September 16, 2006

You are seduced by the sex appeal of the Inorganic



I really love this piece by Barbara Kruger. It makes me think a lot about how fashion imagery (and really all commercial imagery in general) is painstakingly constructed in order to appeal to our aesthetic and sexual selves and how in postmodernity nothing is quite removed from capitalism. Which is fine and well in one sense because I love soft leather gloves as much as the next fashionista, but ultimately what Kruger questions is the empty nature of the pleasures promised. How fitting for someone who used to work in the art department of consumer magazines!

Here's her biography from Tate Online:

American conceptual artist, designer and writer. She enrolled at Parsons School of Design, Syracuse, NY, where her teachers included the photographer Diane Arbus and Marvin Israel (b 1924), a successful graphic designer and art director of Harper's Bazaar, who was particularly encouraging. When Kruger's interest in art school waned in the mid-1960s, Israel encouraged her to prepare a professional portfolio. Kruger moved to New York and entered the design department of Mademoiselle magazine, becoming chief designer a year later. Also at that time she designed book covers for political texts. In the late 1960s and early 1970s she became interested in poetry and began writing and attending readings. From 1976 to 1980 she lived in Berkeley, CA, teaching and reflecting on her own art. In photograph-based images she examined the representation of power via mass-media images, appropriating their iconography and slogans and deconstructing them visually and verbally. Such works as Untitled (You Invest in the Divinity of the Masterpiece) (photograph, 1.82×1.16 m, 1982; New York, MOMA) exploit an economy of image and text to articulate and undermine the power-based relations established in such media images. Major influences cited by Kruger include films, television and the stereotypical situations of everyday life, and especially her training as a graphic designer. Her messages have been displayed in both galleries and public spaces, as well as on framed and unframed photographs, posters, T-shirts, electronic signboards, billboards and flyposters.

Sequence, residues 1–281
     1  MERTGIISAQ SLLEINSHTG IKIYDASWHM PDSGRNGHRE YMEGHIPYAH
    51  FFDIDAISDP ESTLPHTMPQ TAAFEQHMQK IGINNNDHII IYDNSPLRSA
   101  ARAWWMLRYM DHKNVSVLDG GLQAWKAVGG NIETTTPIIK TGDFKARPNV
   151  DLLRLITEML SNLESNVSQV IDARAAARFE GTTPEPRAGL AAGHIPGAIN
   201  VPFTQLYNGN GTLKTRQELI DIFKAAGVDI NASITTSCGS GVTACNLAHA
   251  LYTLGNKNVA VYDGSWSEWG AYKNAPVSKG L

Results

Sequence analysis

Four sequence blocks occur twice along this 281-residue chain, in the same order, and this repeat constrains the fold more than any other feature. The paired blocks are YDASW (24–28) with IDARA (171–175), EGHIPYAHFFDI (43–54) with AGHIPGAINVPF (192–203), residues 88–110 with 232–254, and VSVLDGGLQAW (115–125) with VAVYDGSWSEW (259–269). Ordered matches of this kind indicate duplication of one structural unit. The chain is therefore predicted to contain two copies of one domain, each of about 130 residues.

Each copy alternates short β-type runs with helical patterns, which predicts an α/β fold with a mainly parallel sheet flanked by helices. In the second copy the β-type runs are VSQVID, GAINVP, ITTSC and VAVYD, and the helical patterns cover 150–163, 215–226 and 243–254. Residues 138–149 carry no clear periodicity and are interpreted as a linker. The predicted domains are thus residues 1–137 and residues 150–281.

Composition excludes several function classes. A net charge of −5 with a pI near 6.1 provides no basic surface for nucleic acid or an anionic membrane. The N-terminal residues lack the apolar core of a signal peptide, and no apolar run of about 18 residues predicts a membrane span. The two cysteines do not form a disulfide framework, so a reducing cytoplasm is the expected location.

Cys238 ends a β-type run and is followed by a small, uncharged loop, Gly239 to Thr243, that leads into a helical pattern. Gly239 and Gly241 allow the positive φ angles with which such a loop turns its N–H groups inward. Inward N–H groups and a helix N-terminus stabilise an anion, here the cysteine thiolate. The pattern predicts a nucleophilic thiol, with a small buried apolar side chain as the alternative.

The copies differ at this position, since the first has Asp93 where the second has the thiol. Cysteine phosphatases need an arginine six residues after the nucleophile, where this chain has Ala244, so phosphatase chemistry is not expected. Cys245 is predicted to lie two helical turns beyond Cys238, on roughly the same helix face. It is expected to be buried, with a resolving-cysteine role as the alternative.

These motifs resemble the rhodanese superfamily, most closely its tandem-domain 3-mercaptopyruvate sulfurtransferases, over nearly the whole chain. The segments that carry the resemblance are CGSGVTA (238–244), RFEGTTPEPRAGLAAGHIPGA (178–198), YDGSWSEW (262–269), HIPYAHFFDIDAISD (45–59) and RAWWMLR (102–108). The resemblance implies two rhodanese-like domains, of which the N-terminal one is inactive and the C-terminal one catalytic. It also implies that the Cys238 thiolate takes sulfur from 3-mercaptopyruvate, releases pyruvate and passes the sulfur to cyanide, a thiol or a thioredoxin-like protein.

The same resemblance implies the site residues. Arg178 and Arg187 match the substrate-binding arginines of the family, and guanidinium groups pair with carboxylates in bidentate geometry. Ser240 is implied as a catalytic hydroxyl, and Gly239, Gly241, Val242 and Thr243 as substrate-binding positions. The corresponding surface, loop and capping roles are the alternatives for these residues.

2 comments:

Coutorture said...

T-nice blog and thanks for the link.

Noticed your comment on Fashiontribes, no worries, just wanted to say you might want to read my rationale for the Anna Wintour interview.I had full permission and acted in good faith and manners. Paige, the MSNBC author, told me she wrote the piece as a satire on the cult of celebrity and it was not meant to portray me as a reneagde but was rather meant as humour towards the idea that celebrities are someone more important or scary than the rest of us.


Julie

Almostgirl.coffeespoons.org

fashion theory said...

Thanks for the explanation Julie. I would've posted on your blog but I was not sure if you would have put up the comment...since you didn't last time.